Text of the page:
New Generation of Biodegradable Electronic Sensors Could Dissolve In Water, Human Body
Generally speaking, people fashioning electronic devices are working to craft things that are built to last, or at least that’s what most of us hope when we’re buying a new TV. A team of researchers led by scientists at the University of Illinois are instead taking planned obsolescence to the extreme, developing a new class of electronic devices that is built to dissolve over time. If they’re successful, the result could be a whole new class of implantable biomedical sensors that help to track patient health — and then disappear without surgery when they’re no longer needed.
The biodegradable circuits are printed on sheets of silicon so thin that they dissolve after a couple days of submersion in water. The devices — which range from creations as simple as diodes to as complex as tiny digital cameras — can be wrapped in layers of silk that help the team control how fast the object degrades. Right now, the longest lifespan is a couple of weeks, but devices that could last for years aren’t out of the question with further study. The researchers report on their latest accomplishments — including a sensor that monitors bacterial infections in rats — this week in the journal Science.
Implantable sensors could have a wide variety of medical uses, from tracking blood sugar levels in diabetes patients to keeping tabs on levels of stress hormones for soldiers in the field. While the surgeries to implant such small devices are non-invasive, eliminating the surgery to remove them altogether has the potential to not only make patients safer, but save money in the bargain, and could make the technology, which is still in its infancy, more attractive to researchers and investors alike.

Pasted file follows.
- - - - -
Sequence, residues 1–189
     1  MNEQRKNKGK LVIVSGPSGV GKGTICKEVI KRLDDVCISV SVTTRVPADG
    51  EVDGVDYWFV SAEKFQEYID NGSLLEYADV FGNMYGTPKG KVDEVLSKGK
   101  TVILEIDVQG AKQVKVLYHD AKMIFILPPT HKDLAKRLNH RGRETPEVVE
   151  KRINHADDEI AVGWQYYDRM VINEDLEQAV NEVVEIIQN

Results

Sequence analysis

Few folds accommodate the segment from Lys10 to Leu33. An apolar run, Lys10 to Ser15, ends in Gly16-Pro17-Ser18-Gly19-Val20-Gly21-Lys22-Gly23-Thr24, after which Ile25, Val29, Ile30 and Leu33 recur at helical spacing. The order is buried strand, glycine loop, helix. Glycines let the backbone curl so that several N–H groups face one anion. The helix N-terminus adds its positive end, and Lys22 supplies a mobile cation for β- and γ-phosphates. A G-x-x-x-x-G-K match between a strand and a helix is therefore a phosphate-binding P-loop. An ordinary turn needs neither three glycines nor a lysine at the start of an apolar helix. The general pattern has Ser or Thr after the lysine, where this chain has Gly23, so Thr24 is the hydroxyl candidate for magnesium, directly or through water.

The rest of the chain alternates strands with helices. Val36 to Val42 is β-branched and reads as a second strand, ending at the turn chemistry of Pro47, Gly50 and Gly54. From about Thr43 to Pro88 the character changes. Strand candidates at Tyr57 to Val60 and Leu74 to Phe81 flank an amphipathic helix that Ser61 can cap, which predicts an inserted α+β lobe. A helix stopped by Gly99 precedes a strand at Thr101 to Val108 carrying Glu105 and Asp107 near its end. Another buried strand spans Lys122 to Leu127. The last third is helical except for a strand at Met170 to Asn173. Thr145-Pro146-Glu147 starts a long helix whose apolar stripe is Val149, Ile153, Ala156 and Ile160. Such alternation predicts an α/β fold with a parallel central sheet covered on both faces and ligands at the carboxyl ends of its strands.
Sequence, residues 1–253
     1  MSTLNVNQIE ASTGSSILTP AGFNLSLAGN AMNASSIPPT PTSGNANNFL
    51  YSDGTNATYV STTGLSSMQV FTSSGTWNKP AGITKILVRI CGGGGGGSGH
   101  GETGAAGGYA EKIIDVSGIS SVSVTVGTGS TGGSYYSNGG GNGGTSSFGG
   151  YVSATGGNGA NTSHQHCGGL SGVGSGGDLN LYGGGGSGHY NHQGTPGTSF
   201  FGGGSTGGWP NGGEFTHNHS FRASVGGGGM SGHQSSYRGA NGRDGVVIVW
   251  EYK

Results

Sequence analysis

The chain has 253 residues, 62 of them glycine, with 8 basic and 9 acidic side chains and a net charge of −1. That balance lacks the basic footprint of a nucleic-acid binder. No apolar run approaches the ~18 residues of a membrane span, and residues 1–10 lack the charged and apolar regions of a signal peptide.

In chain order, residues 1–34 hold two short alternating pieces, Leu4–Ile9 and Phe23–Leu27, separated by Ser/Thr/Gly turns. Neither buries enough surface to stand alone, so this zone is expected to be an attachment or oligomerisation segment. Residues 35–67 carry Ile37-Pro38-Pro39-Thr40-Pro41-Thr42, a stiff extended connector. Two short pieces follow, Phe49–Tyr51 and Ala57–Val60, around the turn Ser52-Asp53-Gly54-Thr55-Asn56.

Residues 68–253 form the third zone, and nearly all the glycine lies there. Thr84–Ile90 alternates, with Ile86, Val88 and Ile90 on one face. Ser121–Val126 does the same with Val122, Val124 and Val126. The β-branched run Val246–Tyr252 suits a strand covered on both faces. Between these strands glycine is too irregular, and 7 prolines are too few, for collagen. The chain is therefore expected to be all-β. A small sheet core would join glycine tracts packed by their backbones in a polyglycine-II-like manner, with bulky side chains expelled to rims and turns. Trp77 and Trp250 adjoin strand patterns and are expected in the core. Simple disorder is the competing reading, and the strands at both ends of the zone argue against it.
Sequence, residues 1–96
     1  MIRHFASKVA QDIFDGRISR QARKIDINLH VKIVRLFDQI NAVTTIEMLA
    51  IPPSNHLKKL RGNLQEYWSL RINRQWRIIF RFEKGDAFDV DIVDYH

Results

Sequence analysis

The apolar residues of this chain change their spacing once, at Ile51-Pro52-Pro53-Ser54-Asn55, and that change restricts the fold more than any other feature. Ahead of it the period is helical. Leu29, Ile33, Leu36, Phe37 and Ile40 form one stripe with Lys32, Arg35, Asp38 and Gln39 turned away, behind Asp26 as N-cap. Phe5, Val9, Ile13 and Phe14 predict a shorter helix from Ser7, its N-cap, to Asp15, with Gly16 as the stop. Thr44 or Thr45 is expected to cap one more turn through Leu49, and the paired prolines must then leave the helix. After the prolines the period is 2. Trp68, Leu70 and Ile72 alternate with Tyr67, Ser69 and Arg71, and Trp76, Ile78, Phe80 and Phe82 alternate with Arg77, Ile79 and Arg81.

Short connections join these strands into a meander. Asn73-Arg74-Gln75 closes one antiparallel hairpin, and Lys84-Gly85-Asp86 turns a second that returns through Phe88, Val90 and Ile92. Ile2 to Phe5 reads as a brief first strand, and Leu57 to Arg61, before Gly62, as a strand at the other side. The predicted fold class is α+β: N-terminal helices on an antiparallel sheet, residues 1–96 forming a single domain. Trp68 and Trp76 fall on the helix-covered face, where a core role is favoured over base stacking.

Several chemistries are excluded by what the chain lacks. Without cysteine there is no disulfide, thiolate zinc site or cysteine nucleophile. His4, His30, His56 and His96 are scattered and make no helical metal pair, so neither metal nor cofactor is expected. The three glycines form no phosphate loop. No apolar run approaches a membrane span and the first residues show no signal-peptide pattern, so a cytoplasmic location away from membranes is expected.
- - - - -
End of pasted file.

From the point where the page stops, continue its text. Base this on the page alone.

The research team, which also includes members from Tufts University and Northwestern University, thinks this new class of electronics could have more than just medical applications, though. Biodegradable sensors would be a boon for keeping tabs on environmental conditions after ecological disasters like oil spills, as monitors could disperse small sensors over a wide range without worrying that they were contributing to pollution. The tech could even find its way into consumer electronics like cell phones, making for parts that wither away in landfills rather than sticking around for generations.
(via Science Daily)
- Need to make your semiconductor a superconductor? Try scotch tape!
- If you want to understand this better, try an electronics class at MIT. They’re free, after all
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